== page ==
Friday, November 16, 2012

Puppy Love Pt 2: Bringing Puppy Home

Welcome to Part II of our series on adopting puppies. In Part I we took a look at the decision to adopt a puppy and the pros and cons of choosing a young animal over an adult. Today we'll discuss adopting the puppy, puppy-proofing your home, and what to expect over the first few days.

One of our sweet HSEC litters available for adoption!
It shouldn't come as a surprise that HSEC recommends adopting a puppy from an animal welfare organization or city shelter, especially if you are adopting a family companion, not choosing a breed for a specific purpose (hunting, herding, competition, or show). Many pet stores have ties to puppy mills, but even if they are above board, adopting from a store causes demand for the intentional breeding of puppies. (If you choose a breeder, the ASPCA recommends a small scale operation that does not sell to pet stores.) There are already many wonderful and loving puppies available at animal welfare organizations.

Before you head over to the facility, purchase the major supplies your puppy will need:
  • Water and food bowls
  • Collar and leash
  • Puppy food - not adult dog food. Like all babies, puppies have nutritional needs different to those of adults.
  • Number of a local vet
Other supplies will vary by circumstance and include:
  • Outdoor shelter (if your pet will be spending time outdoors other than walks and playtime, this is a MUST)
  • Carrier (for a small dog)
  • Crate and/or bed
  • Pee pads
  • Treats
  • Toys
  • Grooming items like brush, nail clippers, etc. 
  • Puppy proofing supplies (see below)
If you don't have toys when you bring the puppy home, they will find something to play with. Don't let them chew or play on things that are off limits even once, or they will continue this behavior. Having acceptable toys at the ready is the best plan.

Also before picking up the puppy, make sure your home is ready! Puppy proofing your home is not entirely dissimilar to baby proofing. Not only are you looking to keep the puppy safe and out of trouble, the goal is to make it possible for the puppy to be able to be in your home without constant supervision.

For each room, ask yourself the following questions: What's dangerous? What's breakable? What's off-limits? Then act accordingly.
  • Place household cleaners and other toxic items out of the puppy's reach. Consider temporarily removing obstacles like swinging doors that could shut on a neck or tail.
  • Remove breakables or set them up high. Put chewables (like shoes) in closets with doors that shut firmly. Pick up small objects like toys that could be swallowed.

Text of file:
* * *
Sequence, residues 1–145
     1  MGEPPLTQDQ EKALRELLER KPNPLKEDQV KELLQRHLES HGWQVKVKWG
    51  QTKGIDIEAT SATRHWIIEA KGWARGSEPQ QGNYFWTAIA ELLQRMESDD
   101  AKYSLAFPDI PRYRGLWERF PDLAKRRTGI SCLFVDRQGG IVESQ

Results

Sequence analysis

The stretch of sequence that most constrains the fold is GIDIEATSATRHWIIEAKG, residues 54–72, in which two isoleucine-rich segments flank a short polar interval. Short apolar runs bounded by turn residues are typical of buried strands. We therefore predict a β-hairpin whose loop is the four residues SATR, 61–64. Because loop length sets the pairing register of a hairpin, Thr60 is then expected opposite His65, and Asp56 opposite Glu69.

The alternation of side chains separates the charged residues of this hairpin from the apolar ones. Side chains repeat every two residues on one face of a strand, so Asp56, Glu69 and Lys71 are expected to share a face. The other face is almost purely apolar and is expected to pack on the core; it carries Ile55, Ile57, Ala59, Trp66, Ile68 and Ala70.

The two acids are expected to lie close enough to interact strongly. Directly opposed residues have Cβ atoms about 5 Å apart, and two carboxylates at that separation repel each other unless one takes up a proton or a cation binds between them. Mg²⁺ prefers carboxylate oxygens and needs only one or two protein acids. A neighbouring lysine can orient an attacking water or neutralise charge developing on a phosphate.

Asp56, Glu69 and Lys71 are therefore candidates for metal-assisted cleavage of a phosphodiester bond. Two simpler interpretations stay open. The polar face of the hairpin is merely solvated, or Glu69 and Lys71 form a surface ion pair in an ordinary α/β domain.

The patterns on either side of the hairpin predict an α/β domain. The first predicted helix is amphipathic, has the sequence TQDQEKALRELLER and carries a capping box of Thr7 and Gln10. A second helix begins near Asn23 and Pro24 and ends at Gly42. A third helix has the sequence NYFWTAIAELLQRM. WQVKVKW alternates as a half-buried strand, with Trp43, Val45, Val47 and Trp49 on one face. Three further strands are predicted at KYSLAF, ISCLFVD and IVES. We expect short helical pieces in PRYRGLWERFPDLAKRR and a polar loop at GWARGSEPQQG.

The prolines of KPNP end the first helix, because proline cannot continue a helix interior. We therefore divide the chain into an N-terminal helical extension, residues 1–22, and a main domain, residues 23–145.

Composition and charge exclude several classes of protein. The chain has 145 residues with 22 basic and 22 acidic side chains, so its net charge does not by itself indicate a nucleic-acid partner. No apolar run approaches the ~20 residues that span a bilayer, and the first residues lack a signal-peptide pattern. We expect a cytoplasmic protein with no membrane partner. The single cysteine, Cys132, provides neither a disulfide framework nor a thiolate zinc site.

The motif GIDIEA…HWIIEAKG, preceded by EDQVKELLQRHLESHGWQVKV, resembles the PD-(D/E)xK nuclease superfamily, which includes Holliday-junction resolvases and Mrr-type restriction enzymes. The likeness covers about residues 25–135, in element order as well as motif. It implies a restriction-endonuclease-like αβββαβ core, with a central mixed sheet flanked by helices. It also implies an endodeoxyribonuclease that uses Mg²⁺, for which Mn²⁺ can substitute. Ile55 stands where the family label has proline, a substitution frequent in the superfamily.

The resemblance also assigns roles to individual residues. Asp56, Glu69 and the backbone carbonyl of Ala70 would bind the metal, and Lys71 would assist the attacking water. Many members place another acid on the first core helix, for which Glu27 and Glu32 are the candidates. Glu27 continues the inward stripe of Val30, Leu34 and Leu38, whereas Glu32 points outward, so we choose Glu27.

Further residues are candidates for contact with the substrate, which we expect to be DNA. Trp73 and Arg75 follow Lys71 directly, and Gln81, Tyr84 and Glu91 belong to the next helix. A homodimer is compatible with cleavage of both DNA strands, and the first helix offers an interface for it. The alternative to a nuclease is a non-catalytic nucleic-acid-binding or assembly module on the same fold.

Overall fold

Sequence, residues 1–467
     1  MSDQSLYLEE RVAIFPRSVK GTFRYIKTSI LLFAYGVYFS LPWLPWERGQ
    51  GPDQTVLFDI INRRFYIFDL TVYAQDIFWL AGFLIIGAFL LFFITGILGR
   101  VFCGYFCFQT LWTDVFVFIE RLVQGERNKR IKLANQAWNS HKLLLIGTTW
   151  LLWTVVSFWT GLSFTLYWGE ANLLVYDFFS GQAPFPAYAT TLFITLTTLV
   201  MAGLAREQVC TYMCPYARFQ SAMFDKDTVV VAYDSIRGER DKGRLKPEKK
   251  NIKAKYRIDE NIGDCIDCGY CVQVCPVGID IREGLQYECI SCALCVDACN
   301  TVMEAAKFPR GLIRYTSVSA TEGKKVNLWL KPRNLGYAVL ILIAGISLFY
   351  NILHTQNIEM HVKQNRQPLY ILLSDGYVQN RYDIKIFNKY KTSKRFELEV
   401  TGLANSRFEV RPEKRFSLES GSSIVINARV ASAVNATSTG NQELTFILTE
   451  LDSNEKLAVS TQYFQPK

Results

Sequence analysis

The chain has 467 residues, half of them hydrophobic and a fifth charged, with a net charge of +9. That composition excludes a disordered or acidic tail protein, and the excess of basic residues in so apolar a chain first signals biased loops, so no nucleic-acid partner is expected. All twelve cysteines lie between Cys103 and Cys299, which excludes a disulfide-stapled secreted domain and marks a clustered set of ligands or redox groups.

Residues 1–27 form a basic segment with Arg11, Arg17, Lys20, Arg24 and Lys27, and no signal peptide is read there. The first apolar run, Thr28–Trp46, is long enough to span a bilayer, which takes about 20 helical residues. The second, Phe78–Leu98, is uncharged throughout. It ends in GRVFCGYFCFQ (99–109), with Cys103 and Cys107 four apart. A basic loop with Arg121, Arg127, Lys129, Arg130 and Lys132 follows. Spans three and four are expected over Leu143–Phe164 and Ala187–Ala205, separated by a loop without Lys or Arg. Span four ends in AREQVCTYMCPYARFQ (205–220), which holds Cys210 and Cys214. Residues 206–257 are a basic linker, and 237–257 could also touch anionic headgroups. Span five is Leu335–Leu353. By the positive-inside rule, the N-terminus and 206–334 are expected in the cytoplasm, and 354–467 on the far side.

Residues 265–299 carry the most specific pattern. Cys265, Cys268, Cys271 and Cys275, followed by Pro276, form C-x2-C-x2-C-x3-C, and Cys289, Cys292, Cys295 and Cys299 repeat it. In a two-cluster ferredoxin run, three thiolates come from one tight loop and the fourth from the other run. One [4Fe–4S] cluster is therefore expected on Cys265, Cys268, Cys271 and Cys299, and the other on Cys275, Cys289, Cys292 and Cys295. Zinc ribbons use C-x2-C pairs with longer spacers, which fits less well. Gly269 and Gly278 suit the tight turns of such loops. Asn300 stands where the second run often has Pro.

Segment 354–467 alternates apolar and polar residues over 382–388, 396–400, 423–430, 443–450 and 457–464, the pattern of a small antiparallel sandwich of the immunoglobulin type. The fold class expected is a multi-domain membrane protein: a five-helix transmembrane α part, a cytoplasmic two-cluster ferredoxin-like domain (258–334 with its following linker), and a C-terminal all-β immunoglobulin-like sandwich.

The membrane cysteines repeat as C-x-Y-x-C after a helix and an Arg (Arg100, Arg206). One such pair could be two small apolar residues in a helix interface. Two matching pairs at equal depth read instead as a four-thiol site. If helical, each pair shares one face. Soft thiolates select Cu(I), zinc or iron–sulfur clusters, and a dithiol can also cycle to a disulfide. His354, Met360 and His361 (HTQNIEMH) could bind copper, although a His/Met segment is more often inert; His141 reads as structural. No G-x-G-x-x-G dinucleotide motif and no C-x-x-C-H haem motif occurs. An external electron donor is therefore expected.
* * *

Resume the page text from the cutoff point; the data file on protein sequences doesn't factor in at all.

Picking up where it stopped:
• Ensure that the puppy won't be able to pull items down on itself (for example, pulling a tablecloth down with everything that's on it). 
  • Think about things like low windows and wide holes in decks or between stairs. Electric cords and dangling cords from blinds are other potential hazards.
  • Remove access to garbage cans or diaper pails.
  • Create a safe space where the puppy can play without concern. A baby gate is a great way to separate a room without shutting the puppy behind a door. 
  • We recommend that the garage and the bathrooms should be totally off-limits, at least when the puppy is young.
As the puppy gets older, smarter, and calmer, you will be able to relax most of these measures. For a full list of potential puppy proofing ideas, check out this site.

Finally it's time for the exciting moment when the puppy comes home for the first time. Remember that this can be scary and stressful for your new baby, so be patient and don't overwhelm them with too much all at once. Walk them around the house and give them lots of love and attention. Plan for them to sleep near you on the first few nights.

In all the excitement, don't forget to take care of important details for the puppy's health and safety. Call your vet as soon as the puppy is home and make an appointment for a check up. And purchase a dog tag that has your information on it, just in case the puppy is separated from you.

Over the first couple of days, you will get to know your puppy's personality and they will become more comfortable in your home. Problems like whining at night and nervous behavior should subside during this point. Now it's time to think about potty training, obedience training, and proper socialization.

And finally, enjoy this time and the new addition to your family.

No comments:

Post a Comment